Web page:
Series 47 Preview: Cubs at Pirates
Russell Martin’s excellent work with the pitching staff has the Pirates postseason-bound. (Photo by Mike McGinnis/Getty Images)
The streak is over! On Sept. 9, the Pirates notched win No. 82 and clinched their first winning season in 21 years. All due credit to General Manager Neal Huntington, who engineered a turnaround that began in October 2007 but did not fully bear fruit until this year. The most impressive aspect of this season has been the total dominance of the Bucs’ pitching staff, even accounting for PNC Park being a pitcher’s environment. All of the team’s starters aside from 2011 first-overall pick Gerrit Cole have been acquired via free agency or trade. It’s a perfect counterbalance to the pre-Huntington era, in which the team tried and failed to assemble a homegrown rotation. In this four-game set, the Cubs will see all but ace A.J. Burnett—whom they have seen plenty this year. Now, the question is whether the Pirates will be able to take the NL Central crown. they presently sit one game back of the Cardinals (and two in front of the Reds) with 17 games to go. The Cubs will have the opportunity to say something about that.
HITTING: 3.9 Runs Scored/Game (T-9th in NL)
The Pirates have built a solid-but-average offense around cornerstone center fielder Andrew McCutchen. The 26-year-old has backed up last year’s breakout season, virtually matching it with a .326 AVG/.405 OBP/.519 SLG slash line that has him well into the MVP conversation. Perhaps one of the best signs of the franchise’s current health is that McCutchen will be part of the team through at least 2017 (with a team option for ’18). Left fielder Starling Marte has also broken out quickly. He is an aggressive, toolsy player at the plate and on the basepaths, and he’s the team’s second-best hitter at age 24. First baseman Gaby Sanchez, second baseman Neil Walker and third baseman Pedro Alvarez all have their flaws at the plate, but they provide enough sock to make up for their low contact rates. Alvarez in particular has shown himself to be an all-or-nothing offensive option, with a 31.5 percent strikeout rate only bested (nominally) by his 32 home runs. Buying low on right fielder Travis Snider apparently wasn’t buying low enough. He hasn’t hit his weight—seriously, a .222 batting average at a listed 235 pounds—and his defense is considered somewhere between below average and average. He has been replaced by comeback-player-of-the-year candidate Marlon Byrd, acquired from the Mets in August. The other big offensive hole is at shortstop, where veteran Clint Barmes continues to provide some of the game’s best defense but has fallen into a split role with fringe guy Jordy Mercer. The fielding overall is quite solid, with a mix of good defenders and aggressive positioning that is the product of a partnership between the field staff and the front office.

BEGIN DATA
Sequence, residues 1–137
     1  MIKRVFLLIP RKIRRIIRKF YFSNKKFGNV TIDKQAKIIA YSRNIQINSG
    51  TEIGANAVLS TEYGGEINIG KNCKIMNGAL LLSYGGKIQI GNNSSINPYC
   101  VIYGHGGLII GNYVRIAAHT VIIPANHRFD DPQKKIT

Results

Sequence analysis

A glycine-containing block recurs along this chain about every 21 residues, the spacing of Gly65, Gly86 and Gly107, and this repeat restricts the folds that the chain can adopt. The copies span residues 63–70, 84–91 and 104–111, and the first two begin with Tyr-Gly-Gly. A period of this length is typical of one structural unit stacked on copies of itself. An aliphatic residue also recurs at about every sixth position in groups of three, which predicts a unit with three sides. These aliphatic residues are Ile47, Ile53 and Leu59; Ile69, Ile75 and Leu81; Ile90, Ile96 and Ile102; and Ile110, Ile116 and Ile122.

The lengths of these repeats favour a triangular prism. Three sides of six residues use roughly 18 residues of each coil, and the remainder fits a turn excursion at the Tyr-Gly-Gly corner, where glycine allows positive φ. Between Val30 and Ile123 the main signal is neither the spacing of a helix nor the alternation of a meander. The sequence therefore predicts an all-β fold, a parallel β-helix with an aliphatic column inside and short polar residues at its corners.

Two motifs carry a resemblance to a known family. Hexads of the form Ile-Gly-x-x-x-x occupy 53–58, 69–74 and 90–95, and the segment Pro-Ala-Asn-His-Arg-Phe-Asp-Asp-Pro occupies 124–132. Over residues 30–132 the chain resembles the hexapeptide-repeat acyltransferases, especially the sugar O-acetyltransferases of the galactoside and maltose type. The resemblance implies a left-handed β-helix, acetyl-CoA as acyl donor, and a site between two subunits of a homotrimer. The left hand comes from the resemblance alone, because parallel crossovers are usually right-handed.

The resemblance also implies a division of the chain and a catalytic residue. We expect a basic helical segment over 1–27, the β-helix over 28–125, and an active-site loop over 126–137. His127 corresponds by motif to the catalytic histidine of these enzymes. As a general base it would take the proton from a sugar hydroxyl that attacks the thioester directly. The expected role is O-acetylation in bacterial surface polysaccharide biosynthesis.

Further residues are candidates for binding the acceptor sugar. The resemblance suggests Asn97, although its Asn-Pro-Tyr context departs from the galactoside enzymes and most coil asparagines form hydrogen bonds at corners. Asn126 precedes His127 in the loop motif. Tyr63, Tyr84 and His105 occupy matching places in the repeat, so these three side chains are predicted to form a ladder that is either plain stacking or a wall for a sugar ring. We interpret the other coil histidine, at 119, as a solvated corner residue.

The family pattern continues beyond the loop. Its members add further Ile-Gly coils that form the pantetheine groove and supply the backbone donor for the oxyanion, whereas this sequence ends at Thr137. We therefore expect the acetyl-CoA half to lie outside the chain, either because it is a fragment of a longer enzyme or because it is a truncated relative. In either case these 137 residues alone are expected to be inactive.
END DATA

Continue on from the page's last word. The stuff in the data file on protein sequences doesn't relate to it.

PITCHING: 3.6 Runs Allowed/Game (3rd in NL)
We haven’t yet mentioned catcher Russell Martin, the veteran backstop who has been credited everywhere he’s landed for his solid work with pitchers. Under his tutelage, the Pirates have been hardly recognizable on the mound. Saturday’s starter, Gerrit Cole, is the team’s most exciting pitcher, a 23-year-old out of UCLA whose four- and two-seam fastballs both sit in the 95-98 mph territory. He pairs those offerings with a couple of hard breaking balls and a good change-up. Many observers have been puzzled by Cole’s sudden erosion in strikeouts (from roughly 25 percent of batters faced to 19 percent), but it has come with a pound-the-zone approach that has him walking just 5.4 percent of batters and getting a lot of ground balls. Both acquired from the Braves in 2009 for Nate McLouth, left-hander Jeff Locke and righty Charlie Morton start tonight and tomorrow. Locke has a decent fastball-curve-change repertoire with reverse platoon splits, but his control issues mean he is probably the odd man out in the playoff rotation. Morton has a power sinker that has led to a career year across the board, though he has been the most hittable of the Pirates’ pitchers. Finally, lefty Francisco Liriano closes things out on Sunday. He has reclaimed his effectiveness, largely by resolving years of serious command issues. The bullpen deserves special attention for its quality and depth, an unbelievable turnaround from what was undoubtedly the team’s downfall in the second half of 2012. Mark Melancon stepped in beautifully for closer Jason Grilli after the latter suffered an injury midseason. The former will hold onto the role for now, but both are ninth-inning assets regardless. Justin Wilson, a power arm from the left side, is just one great option manager Clint Hurdle can use from the seventh inning on.